The king of Irish crisps who achieved his theme park dream against all odds – The Irish Times
Born August 28, 1951
Deceased: June 8, 2022
Ray Coyle, potato farmer turned snack food maker and founder of Tayto Park, has died aged 70. chips.
In 2010, Coyle transformed 22 hectares of farmland near Ashbourne into an American-style theme park with rides, a zoo, adventure playgrounds, shops and restaurants. Tayto Park has quickly become one of Ireland’s top tourist attractions. In 2011, he won the industry category at the EY Entrepreneur of the Year awards.
Renowned for his self-confidence and persistence in seeing projects through to completion, Coyle also had a keen sense of marketing. He was behind some of Ireland’s most innovative promotions, such as running Mr Tayto as a fake candidate in the 2007 general election and publishing a bestselling biography of the crisp mascot. The use of women in suggestive poses to promote its Hunky Dory crisps, however, breached advertising standards, as did claiming to be the main sponsor of Irish rugby when the brand was sponsor of Navan RFC at the time. After that, Coyle used the crusty brand to promote four Irish sportswomen – boxer Katie Taylor, athlete Derval O’Rourke, sailor Annalize Murphy and her daughter, Natalya Coyle, a pentathlete – at the 2012 London Olympics.
Coyle, one of four children, grew up on a tillage and cattle farm in Curragha, County Meath. The family also ran the local pub. As a young man, he began growing and selling his own potatoes and vegetables on six hectares of land given to him by his father. While still in his mid-20s, he had a turnover of £1million a year. As his profits increased, he expanded his farm to over 300 hectares.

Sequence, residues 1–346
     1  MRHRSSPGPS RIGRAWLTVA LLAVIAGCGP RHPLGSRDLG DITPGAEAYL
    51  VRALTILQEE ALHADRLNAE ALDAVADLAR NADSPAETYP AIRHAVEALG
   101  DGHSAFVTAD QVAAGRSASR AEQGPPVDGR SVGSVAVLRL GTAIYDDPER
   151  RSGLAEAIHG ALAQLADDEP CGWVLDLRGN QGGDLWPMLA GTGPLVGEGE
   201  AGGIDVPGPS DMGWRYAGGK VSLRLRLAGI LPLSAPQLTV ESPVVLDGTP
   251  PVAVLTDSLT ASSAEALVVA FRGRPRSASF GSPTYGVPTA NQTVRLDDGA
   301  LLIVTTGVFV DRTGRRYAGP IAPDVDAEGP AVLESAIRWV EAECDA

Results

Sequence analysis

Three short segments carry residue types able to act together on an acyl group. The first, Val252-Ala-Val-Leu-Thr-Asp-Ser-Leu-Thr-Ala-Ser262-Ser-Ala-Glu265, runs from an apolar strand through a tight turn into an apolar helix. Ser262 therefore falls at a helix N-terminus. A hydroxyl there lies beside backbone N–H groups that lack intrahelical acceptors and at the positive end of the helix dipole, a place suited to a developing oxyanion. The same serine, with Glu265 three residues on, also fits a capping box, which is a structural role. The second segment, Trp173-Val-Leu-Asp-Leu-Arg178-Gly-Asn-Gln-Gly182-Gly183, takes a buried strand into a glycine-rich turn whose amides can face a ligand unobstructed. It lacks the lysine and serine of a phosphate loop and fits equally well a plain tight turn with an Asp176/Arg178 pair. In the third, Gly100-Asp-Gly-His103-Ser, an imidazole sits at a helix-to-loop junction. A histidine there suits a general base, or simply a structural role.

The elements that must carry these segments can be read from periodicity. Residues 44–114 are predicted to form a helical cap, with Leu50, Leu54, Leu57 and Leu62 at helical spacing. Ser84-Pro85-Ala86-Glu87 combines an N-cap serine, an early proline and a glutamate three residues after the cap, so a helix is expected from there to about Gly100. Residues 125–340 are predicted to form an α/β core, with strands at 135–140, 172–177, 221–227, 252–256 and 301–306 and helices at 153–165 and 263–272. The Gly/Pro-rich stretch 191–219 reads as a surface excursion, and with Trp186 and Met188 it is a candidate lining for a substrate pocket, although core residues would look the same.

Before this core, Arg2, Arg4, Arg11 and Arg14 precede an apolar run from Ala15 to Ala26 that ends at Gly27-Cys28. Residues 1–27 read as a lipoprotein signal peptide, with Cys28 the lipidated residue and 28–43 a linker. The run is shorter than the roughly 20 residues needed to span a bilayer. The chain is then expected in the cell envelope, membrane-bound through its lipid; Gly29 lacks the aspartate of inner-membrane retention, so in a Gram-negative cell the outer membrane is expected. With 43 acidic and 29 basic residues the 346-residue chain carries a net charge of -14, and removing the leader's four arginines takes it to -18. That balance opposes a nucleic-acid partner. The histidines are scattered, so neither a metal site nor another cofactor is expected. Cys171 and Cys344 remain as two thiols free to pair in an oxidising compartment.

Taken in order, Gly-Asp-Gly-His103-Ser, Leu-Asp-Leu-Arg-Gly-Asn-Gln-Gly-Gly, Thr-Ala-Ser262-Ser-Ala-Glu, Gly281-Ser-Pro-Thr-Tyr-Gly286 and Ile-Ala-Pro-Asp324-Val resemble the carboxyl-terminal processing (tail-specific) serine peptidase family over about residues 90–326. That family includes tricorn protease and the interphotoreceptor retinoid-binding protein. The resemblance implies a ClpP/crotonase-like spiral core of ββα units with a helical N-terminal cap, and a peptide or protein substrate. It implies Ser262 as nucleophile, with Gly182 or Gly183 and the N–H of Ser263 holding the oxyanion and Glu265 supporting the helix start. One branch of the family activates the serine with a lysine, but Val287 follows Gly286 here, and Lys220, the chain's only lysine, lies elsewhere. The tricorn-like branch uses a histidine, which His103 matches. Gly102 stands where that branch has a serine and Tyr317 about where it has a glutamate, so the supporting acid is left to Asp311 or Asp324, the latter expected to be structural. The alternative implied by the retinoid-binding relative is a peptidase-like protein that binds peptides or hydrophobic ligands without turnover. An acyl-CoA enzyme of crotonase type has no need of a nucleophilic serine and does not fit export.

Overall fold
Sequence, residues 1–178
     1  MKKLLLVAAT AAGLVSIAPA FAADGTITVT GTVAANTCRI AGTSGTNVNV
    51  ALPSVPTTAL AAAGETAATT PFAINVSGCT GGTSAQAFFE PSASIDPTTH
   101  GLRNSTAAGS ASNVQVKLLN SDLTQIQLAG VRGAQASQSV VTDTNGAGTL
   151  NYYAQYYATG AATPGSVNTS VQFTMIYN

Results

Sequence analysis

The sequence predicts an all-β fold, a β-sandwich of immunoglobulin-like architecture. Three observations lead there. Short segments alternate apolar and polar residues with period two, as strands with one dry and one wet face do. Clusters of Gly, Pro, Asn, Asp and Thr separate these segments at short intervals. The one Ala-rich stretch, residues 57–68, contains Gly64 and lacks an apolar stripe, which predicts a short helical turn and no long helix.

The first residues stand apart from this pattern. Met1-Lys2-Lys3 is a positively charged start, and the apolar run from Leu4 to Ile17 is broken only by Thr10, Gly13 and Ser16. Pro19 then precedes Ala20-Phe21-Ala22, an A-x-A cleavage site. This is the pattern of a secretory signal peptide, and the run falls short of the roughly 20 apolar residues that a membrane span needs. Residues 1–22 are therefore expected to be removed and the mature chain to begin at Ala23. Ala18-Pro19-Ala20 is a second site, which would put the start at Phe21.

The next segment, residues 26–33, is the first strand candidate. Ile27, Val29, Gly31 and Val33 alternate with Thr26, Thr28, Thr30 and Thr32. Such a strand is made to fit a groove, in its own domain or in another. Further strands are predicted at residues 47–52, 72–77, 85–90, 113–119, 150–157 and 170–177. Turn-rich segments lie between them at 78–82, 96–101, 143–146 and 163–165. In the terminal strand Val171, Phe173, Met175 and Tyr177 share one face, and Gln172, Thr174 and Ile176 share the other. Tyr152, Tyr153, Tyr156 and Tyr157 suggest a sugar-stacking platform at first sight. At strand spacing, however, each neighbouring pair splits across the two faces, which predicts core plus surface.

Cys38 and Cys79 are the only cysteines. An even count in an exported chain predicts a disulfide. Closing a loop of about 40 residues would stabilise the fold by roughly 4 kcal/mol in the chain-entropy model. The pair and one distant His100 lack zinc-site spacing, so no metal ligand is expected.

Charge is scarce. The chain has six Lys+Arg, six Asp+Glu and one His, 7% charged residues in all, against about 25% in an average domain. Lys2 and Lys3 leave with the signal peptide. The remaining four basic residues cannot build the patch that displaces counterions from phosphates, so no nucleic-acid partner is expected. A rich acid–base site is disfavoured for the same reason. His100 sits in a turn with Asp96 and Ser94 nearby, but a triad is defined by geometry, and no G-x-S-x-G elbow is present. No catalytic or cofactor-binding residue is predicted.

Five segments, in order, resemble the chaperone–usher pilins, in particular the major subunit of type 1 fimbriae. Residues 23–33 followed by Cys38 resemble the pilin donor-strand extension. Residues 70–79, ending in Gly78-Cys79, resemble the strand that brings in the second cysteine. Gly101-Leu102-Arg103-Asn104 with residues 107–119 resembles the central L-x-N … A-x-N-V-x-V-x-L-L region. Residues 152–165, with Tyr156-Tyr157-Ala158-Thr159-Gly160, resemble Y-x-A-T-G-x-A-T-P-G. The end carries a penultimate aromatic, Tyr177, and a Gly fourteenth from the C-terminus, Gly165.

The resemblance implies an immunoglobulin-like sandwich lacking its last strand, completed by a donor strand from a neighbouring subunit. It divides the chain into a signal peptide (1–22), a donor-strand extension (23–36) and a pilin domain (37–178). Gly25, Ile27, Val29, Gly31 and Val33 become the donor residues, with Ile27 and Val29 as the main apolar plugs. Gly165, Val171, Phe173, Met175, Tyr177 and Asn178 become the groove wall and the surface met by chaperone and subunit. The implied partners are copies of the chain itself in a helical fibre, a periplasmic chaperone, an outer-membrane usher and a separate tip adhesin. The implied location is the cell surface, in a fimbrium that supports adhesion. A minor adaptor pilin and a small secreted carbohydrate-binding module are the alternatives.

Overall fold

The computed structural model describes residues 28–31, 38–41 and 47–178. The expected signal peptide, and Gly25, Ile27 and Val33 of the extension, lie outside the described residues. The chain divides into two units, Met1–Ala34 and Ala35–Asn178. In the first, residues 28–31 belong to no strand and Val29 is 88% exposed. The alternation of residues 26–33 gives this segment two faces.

However, in the early 1980s, when he lost his potato supply contract to Tayto, he fell heavily into debt, owing £1.2 million to the bank. Unable to repay the loans – even selling his whole farm – he decided to raffle over 100 hectares and, by selling 4,000 tickets at £300 a ticket, he raised enough money to clear his debts.
Aware that Tayto held around 90% of the Irish crisps market at the time, Coyle saw an opportunity to start a snack manufacturing business. Thus, in 1982, he created Largo Foods and bought the Perri crisp brand a year later. In 1996 he bought the Sam Spudz brand and in a bid to enter the UK market he launched the now famous Hunky Dorys brand. It won the Irish Marketing of the Year award the same year.
In 2005 Cantrell & Cochrane closed its Tayto factory in Coolock, Dublin, and outsourced production to Largo Foods. The following year, when C&C put Tayto up for sale, a bidding war ensued between East Coast Bakehouse’s Michael Carey and Coyle. Coyle won, paying €62 million for the Tayto and King crisp brands.
Carey, former chairman of An Bord Bia – the Irish Food Board – and longtime friend of Ray Coyle, remembers the time well. “He phoned me two weeks later and said ‘you cost me 5 million euros’. I apologized and he invited me and my wife, Alison Cowzer, to dinner at him,” says Carey, who describes Coyle as “a legend in the food industry, an inspiring entrepreneur, and the most entertaining person to spend time with.”